June 19, 2011

Tom Ascol on John Gill and Hyper-Calvinism

Nettles has demonstrated that statements can be found within Gill that seem blatantly to distinguish the Horslydown pastor's views from those who specifically deny duty-faith.[4] It must be admitted that Gill is not completely consistent on this point (see pp. 118–23 above). The few concessions to duty-faith which are found in his writings, however, should be regarded as exceptions to his theological system and not reflective of his general sentiments. Gill's exposition of the covenant of grace provides justification for closely identifying his views with the hyper-Calvinist position on this question.

By unequivocally denying conditions for man in the covenant of grace, Gill distinguishes his views from the plain sense and intention of classic Federalism. He also undercut the theological justification for regarding faith as a required duty of anyone--even the elect. The effective excision of men as responsible participants in the covenant places Gill much closer to the unabashed hyper-Calvinists of his day than to genuine federal theologians like Owen and Witsius (see pp. 189–192 above).
4. Nettles, By His Grace, pp. 94–99.
Thomas Kennedy Ascol, The Doctrine of Grace: A Critical Analysis of Federalism in the Theologies of John Gill and Andrew Fuller (PhD diss, Southwestern Baptist Theological Seminary, 1989), 260–261.

June 12, 2011

A Sample of William Carey's (1761–1834) Gospel Message

{Carey and Bro. Brunsdon went to the villages about 3 or 4 miles from town and encountered an old Brahman. Carey had asked if anyone knew how sins could be pardoned. The people referred him to an old Brahman who was wise. He replied that "profound meditation and acts of Holiness would answer the purpose." Carey shared the Gospel. Here is a sample of the great missionary in action.}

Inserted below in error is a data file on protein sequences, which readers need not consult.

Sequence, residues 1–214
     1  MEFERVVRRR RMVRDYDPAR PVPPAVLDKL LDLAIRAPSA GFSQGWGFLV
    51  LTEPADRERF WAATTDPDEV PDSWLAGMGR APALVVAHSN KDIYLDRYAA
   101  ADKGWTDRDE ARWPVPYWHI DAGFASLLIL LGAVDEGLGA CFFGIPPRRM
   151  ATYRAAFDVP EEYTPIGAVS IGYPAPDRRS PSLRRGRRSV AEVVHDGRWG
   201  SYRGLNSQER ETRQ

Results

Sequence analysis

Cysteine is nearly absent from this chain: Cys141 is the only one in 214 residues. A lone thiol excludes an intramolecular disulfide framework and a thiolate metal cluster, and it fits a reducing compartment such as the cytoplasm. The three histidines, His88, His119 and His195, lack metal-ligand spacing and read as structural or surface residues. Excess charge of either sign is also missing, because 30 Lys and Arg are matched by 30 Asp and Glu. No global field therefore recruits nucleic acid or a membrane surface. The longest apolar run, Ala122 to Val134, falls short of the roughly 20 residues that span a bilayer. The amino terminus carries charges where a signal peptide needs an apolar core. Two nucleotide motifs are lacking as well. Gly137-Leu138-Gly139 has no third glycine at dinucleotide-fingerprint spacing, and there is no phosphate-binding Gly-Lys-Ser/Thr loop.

You and I, and all of us are Sinners, and we are in a helpless state but I have good things to tell you. God in the riches of his Mercy became incarnate, in the form of Man. He lived more than thirty years on earth without Sin and was employed in doing good. He gave sight to the Blind, healed the Sick, the lame, the Deaf and the Dumb - and after all died in the stead of Sinners. We deserved the wrath of God, but he endured it. We could make no sufficient atonement for our guilt but he compleatly [sic] made an end of Sin and now he has sent us to tell you that the Work is done and to call you to faith in, and dependence on the Lord Jesus Christ. Therefore, leave your vain customs, and false gods, and lay hold of eternal Life through him. After much discourse of this sort we presented him with a copy of Matthew's Gospel and three more to three other persons. He promised to read and make himself well acquainted with its Contents and then to converse more about it. It was now dark. I, therefore, prayed with them and we returned home.
The Journal and Selected Letters of William Carey, ed. Terry G. Carter (Macon, GA: Smyth & Helwys, 2000), 149.

Update on 11-10-14:

Carey also says the following:
They [the lost Hindus] are going I suppose to their Abominations at the moment, but I hope to preach to them again in the evening. I spoke of the Love of God in bearing with his Enemies, in supporting and providing for them, in sending his Son to die for them, in sending the Gospel to them, and in saving many of them from eternal Wrath.
Ibid., 85.
My great concern now is to be found in Christ. His atoning sacrifice is all my hope; and I know that Sacrifice to be of such value that God has accepted it as fully vindicating his government in the exercise of mercy to sinners, and as that on account of which he will accept the greatest offender who seeks to him for pardon. And the acceptance of that sacrifice of atonement was testified by the resurrection of our Lord from the dead and by the commission to preach the Gospel to all nations with a promise, or rather a declaration, that whosoever believeth on the Son shall be saved, shall not come into condemnation, but is passed from death unto life.
Ibid., 251–252.